Wednesday, January 18, 2012

The Million Dollar Question

Yes, that is the million dollar question.  People say this to me all the time:  “I have this old sofa that belonged to my [mother, grandmother, etc.] and I was thinking of reupholstering it.  What do you think?”
Well, here’s what I know.  Reupholstering is a labor intensive process which can be expensive so there are a few things you should consider before deciding whether to reupholster a piece of furniture:
  • How old is the piece?  If it’s a family heirloom or an antique, it may be worth it to have it reupholstered.
  • How well is it constructed?  Is it sturdy or rickety, is it made of hardwood or softwood, is it screwed and glued or just nailed together?  Repairing the frame will add to the cost, and if it was a poorly made, cheap sofa to begin with, it is not worth it to reupholster it.
  • If it has exposed wood, what kind of shape is it in?  Again, repairing or re-staining the wood will increase the cost.
  • Does the piece have interesting design features (carved wood, interesting shape or details)?
If the piece is a treasured family heirloom, that has great sentimental value, and it’s well made and in good physical condition, it’s probably worth it but there are still some more things to think about:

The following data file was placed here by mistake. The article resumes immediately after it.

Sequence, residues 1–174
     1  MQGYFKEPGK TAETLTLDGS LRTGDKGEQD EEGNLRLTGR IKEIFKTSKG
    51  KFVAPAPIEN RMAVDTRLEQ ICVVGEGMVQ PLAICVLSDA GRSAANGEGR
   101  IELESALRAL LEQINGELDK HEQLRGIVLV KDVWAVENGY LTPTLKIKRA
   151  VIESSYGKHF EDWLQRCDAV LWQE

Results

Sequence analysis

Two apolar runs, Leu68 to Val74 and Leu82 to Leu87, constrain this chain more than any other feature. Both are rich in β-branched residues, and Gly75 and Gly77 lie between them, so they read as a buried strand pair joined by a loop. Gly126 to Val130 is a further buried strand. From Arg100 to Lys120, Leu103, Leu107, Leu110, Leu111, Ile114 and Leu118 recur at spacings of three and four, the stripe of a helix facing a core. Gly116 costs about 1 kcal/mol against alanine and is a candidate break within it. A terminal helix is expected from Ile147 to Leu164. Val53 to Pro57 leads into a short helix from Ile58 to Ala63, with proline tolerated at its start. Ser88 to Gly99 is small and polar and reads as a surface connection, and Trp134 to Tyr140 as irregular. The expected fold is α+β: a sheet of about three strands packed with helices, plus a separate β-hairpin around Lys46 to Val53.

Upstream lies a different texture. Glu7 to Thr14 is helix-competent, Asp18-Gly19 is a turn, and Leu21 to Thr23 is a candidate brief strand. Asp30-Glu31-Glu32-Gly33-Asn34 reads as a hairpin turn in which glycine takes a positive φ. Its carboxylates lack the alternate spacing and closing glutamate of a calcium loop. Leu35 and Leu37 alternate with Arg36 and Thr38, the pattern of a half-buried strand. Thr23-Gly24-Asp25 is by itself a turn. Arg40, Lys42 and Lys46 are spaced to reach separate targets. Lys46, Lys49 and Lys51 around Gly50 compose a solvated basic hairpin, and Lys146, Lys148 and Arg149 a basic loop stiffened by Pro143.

• The average sofa takes at least 15 yards of fabric.  A good quality upholstery fabric usually starts at about $60 per yard so the fabric alone will cost you $900.00 before the actual labour to do the reupholstery.
  • An older sofa, even if it is well made and in good condition, will likely need some new foam, padding, or springs so that will also add to the labour cost.
Now I know you've probably heard designers on TV or in magazines talk about buying fabric for $15 a yard and reupholstering a garage sale find for next to nothing.  When I talk about reupholstering a piece of furniture, I’m mainly talking about a sofa or an armchair and there is a difference between recovering a cushion and completely reupholstering.  Re upholstery almost always involves replacing foam and repairing or replacing springs.  Unless you are really talented, full scale upholstery is best left to the professionals, but it’s pretty easy to recover a small ottoman or a chair with an inexpensive piece of fabric and a little effort.

Very often re-upholstery will cost you about what a new sofa or chair would cost because with new padding, etc., you are essentially getting a new piece of furniture, so it’s important to weigh out all the pros and cons before going ahead.

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